Near-Fatal Attraction


My husband, Judah, and I have been married for sixteen years. He is my best friend. My safe place. He has witnessed the best of me and weathered the worst.

When you meet and marry “the one”, you don’t need anyone else, right? All physical and emotional needs are met by your one and only.


Not so fast.


Several years ago, I was out of town for work. I hadn’t seen Judah in several weeks. I started noticing one of my coworkers who had been giving me some attention. In “real life”, this isn’t someone I would ever date. But in “fantasy”, I could make up whatever rules I wanted.


In short order, I would catch this person coming “randomly” to mind, imagining what flirtatious thing they might say to me. They would show up in my dreams where we weren’t just talking.

Normally, I am put off by flirtatious people. If you’re flirty with everyone, how will anyone know if you actually care for them? I don’t trust them and can judge them as careless with other people’s feelings.


This one slipped under the radar. Sort of. I was still annoyed by the flirting, but I was also annoyed that it was working!


I admitted all of this to a friend of mine, hoping talking about it would lessen the intensity.

And then I called Judah. “I need you to come visit me sooner than later. I’m really struggling sexually.”


It was a very hard conversation to have. It felt shameful to have to admit to my husband that I was physically drawn to someone else. That I was struggling with my own hormones and desires.

Thankfully, Judah isn’t a jealous person, almost to a fault actually. Instead of hopping on the next bus, he visited a week later.

He trusts me. Which is nice. But also naive. I am human and fallible. And I was struggling.


Once we were able to connect, physically and emotionally in person, I felt totally different. The tension in my world had been released.


I found it fascinating that I was “drawn away” physically. When it comes to The Five Love Languages, physical touch is the bottom of my list.

Not even a year later, I was out of town again for work. Freshly armed with all the learnings from this past experience, Judah and I were intentional about connecting. We talked on the phone every night.

Quality time is my number one of the five love languages. The tricky part about it is that you can have quantity time without it being quality.


We were having a hard time connecting. Long silences. Short responses to questions. As the time went on, our conversations got shorter, with Judah initiating ending the call.


When I got home, Judah told me that while I was gone, he had become emotionally drawn to someone else. By the time I found out about it, he had already discussed it with some guy friends and gotten support.


How was this possible?


It’s not that I couldn’t imagine him being “drawn away”. That would be pretty hypocritical and short-sighted given my recent history.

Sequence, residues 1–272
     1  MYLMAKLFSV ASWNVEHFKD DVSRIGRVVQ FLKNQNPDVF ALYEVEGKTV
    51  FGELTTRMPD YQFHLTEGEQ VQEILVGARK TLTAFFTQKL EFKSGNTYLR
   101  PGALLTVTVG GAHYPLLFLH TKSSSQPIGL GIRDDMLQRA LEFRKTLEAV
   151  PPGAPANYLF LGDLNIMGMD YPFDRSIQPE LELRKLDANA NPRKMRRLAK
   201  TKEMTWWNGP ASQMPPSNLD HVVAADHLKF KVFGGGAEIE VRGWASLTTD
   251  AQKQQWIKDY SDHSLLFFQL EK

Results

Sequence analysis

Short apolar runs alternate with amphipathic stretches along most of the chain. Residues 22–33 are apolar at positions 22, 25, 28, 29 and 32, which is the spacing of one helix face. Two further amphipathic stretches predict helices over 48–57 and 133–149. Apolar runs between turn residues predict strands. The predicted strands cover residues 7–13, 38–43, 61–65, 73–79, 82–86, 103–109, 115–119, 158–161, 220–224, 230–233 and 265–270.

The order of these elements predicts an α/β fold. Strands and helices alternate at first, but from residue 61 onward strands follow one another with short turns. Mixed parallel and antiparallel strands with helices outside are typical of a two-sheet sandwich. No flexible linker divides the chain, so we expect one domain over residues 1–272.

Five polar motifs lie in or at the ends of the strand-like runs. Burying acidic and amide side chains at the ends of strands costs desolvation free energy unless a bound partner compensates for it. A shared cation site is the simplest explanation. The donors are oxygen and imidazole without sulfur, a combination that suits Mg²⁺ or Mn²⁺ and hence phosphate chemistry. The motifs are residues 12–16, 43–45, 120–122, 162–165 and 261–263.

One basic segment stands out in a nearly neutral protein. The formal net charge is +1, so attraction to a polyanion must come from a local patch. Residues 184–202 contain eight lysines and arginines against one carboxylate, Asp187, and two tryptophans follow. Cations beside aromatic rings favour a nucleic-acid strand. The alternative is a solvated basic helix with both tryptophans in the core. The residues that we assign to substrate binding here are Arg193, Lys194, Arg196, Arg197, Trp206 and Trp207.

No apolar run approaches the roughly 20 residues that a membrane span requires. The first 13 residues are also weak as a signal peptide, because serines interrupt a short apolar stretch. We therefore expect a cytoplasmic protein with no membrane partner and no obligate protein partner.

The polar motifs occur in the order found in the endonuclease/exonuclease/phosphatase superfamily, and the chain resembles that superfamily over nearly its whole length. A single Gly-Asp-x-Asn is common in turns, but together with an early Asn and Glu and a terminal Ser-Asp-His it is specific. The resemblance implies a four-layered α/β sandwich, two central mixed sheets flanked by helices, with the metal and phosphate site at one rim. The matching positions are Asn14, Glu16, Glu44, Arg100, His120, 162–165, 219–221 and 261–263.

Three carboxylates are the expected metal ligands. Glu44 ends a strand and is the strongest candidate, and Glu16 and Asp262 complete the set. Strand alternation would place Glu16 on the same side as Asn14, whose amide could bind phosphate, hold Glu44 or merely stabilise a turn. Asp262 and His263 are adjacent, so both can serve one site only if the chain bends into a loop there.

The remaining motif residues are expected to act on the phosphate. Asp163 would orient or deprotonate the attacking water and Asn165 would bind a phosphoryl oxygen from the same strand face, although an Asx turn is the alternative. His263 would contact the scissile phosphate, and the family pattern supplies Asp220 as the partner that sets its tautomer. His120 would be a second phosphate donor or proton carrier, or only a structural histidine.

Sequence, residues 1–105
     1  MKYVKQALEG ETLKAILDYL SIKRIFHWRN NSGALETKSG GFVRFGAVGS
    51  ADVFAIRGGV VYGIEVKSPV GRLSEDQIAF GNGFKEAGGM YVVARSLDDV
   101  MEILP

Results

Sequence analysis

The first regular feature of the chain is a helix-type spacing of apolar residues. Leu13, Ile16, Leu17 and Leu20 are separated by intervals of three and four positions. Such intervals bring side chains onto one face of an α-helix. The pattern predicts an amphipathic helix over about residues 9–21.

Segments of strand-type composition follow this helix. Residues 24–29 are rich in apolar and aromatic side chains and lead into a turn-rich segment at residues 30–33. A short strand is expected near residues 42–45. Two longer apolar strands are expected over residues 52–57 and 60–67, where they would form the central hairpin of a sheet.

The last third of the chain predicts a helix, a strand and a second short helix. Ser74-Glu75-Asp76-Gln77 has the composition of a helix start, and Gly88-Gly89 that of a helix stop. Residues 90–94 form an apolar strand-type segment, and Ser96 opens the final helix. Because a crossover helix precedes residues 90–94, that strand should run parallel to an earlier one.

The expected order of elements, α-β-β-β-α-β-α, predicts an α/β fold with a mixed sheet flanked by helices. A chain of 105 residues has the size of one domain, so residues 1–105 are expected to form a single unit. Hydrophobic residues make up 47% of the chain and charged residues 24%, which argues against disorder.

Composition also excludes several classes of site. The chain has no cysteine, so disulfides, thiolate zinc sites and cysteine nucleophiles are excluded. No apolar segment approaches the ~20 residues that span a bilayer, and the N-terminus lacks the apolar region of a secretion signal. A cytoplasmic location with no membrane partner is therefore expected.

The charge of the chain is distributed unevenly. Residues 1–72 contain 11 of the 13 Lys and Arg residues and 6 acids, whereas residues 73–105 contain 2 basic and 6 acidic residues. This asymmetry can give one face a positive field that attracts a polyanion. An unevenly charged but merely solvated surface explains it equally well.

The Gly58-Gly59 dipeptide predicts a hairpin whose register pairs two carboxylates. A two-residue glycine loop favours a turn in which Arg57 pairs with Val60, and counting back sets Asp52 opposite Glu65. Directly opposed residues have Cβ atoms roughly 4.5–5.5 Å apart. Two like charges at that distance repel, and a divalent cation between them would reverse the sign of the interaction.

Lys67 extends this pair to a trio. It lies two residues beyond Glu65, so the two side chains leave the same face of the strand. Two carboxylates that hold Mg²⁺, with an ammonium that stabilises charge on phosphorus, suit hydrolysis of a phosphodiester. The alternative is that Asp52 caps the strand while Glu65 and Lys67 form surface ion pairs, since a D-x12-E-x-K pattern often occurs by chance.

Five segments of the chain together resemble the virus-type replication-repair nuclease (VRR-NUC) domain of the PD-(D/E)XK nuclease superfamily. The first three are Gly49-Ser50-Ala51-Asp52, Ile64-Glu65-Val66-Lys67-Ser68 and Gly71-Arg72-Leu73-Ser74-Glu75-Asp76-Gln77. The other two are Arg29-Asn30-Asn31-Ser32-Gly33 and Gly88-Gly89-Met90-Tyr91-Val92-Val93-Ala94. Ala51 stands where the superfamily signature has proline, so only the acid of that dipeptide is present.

But, how had this happened when we had been on the lookout and so intentional?


As we talked through my time away, Judah was able to see that when we talked on the phone, he was often distracted with work-related items open on his computer in front of him. I would call, interrupting his train of thought. While we talked, he could hear my voice but was otherwise distracted by the work-in-progress staring him in the face.


Because he was distracted, he didn’t feel connected to me and longed for that female energy and connection. And found himself drawn to find it elsewhere.


As we unpacked these experiences, we were struck by many things.


Judah’s number one love language is physical touch, and yet he was drawn away emotionally.


My number one love language is quality time, and yet I was drawn away physically.

I would have expected the opposite for both of us.


And yet, it made sense. We were drawn away by the very thing the other person brings to our relational dynamic. The thing we were missing from each other. I missed Judah’s physical presence in my life, drawing me out sexually and fulfilling those needs. He missed my emotional presence in his life, helping connect him to his feelings and providing a safe place for him to express himself.


We were also struck by how little this is talked about. We went through pre-marital counseling. We have lots of married friends with whom we talk quite candidly about vulnerable aspects of being married.


Surely we aren’t the only people who have dealt with this.


We’re all human beings. No one is immune. If you think you are, you are likely at a higher risk of getting blind-sided.

I felt shame at being drawn away from my husband, but I also felt so thankful that I could go to him in the midst of it. Thankful that we both had wonderful friends we could share our humanity with. Neither of us acted on our impulses.

What if we hadn’t told anyone? What if we had felt like we had to deal with it on our own, individually? And what if we couldn’t?


This could easily have been a road to infidelity. A silent, alluring, titillating, painful, lonely, shame-filled walk down the plank to deception and despair. And possibly divorce.


It was risky to talk about our attractions to other people. But how much riskier would it have been not to? I shudder to think.

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